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KiloBravo
05-25-2008, 09:35 PM
I have been working around my house instead of in my shop :(

Anyway I needed a small push mower to get where the big one don't :)

So, I drag an old Lawn Chief out of the shed. It has been stored for 5 years, not really stored, I just have not used it in 5 years. I dump the old gas out in a container, put fresh in. Then I top of the oil and push the primer ball 10 times.

The dang thing starts on the second pull and runs like a champ.

Not, to mention I left it in the rain for three days, because I figured no way in h#ll it would start anyway. That thing just amazed me.

Regards,
Kevin

garyphansen
05-25-2008, 09:43 PM
I could not even get mine started after I brought it back from the fix it shop. But who cares, for $4.18 a gal. I am not going to cut the grass. The deer need to eat too. Gary P. Hansen

tattoomike68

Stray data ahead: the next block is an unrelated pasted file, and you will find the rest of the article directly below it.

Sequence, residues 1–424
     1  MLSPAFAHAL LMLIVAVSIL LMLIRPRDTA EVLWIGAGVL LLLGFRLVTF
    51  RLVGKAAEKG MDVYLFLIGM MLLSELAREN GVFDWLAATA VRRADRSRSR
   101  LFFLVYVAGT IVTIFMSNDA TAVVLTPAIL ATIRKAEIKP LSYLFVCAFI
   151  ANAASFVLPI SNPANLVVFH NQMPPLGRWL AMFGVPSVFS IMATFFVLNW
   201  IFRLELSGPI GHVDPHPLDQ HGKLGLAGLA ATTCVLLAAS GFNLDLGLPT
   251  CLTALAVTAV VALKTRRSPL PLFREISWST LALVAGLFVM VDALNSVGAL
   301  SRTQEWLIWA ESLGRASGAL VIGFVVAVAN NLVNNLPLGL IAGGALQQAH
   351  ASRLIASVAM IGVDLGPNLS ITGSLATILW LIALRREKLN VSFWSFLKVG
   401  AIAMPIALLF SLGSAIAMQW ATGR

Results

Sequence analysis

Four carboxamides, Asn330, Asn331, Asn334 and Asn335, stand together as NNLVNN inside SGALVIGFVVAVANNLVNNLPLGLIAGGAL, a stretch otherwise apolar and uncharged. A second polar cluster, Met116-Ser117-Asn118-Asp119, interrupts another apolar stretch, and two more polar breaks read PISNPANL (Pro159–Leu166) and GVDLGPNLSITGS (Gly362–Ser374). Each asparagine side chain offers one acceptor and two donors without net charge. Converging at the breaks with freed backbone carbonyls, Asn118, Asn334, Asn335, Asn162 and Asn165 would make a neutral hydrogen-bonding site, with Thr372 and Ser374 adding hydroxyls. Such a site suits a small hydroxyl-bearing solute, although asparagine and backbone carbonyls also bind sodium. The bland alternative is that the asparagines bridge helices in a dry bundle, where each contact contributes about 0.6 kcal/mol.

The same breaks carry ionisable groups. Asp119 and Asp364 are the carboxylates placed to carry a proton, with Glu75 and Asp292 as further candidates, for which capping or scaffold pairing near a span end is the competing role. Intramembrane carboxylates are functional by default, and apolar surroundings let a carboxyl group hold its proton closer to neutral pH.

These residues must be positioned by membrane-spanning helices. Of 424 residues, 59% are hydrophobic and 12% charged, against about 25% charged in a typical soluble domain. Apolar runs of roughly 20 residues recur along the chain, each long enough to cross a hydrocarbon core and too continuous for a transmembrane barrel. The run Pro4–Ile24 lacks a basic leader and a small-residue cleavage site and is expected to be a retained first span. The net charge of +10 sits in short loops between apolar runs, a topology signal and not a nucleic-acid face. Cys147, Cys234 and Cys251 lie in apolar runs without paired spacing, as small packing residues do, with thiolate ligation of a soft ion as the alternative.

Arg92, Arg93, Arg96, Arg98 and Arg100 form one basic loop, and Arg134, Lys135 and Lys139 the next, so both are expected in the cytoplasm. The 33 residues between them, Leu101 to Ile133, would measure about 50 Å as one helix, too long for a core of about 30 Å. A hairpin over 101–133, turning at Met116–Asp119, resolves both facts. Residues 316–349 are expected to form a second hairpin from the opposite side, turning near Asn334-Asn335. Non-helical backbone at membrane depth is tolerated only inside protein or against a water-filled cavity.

05-25-2008, 09:57 PM
I have been working around my house instead of in my shop :(

Anyway I needed a small push mower to get where the big one don't :)

So, I drag an old Lawn Chief out of the shed. It has been stored for 5 years, not really stored, I just have not used it in 5 years. I dump the old gas out in a container, put fresh in. Then I top of the oil and push the primer ball 10 times.

The dang thing starts on the second pull and runs like a champ.

Not, to mention I left it in the rain for three days, because I figured no way in h#ll it would start anyway. That thing just amazed me.

Regards,
Kevin

I leave mine out in the rain every time and the air cleaner is a sock wired on. we abuse that craftman and it just wont die. 10 years and we dont show it any love. I am afraid if I changed the oil it would smoke like hell.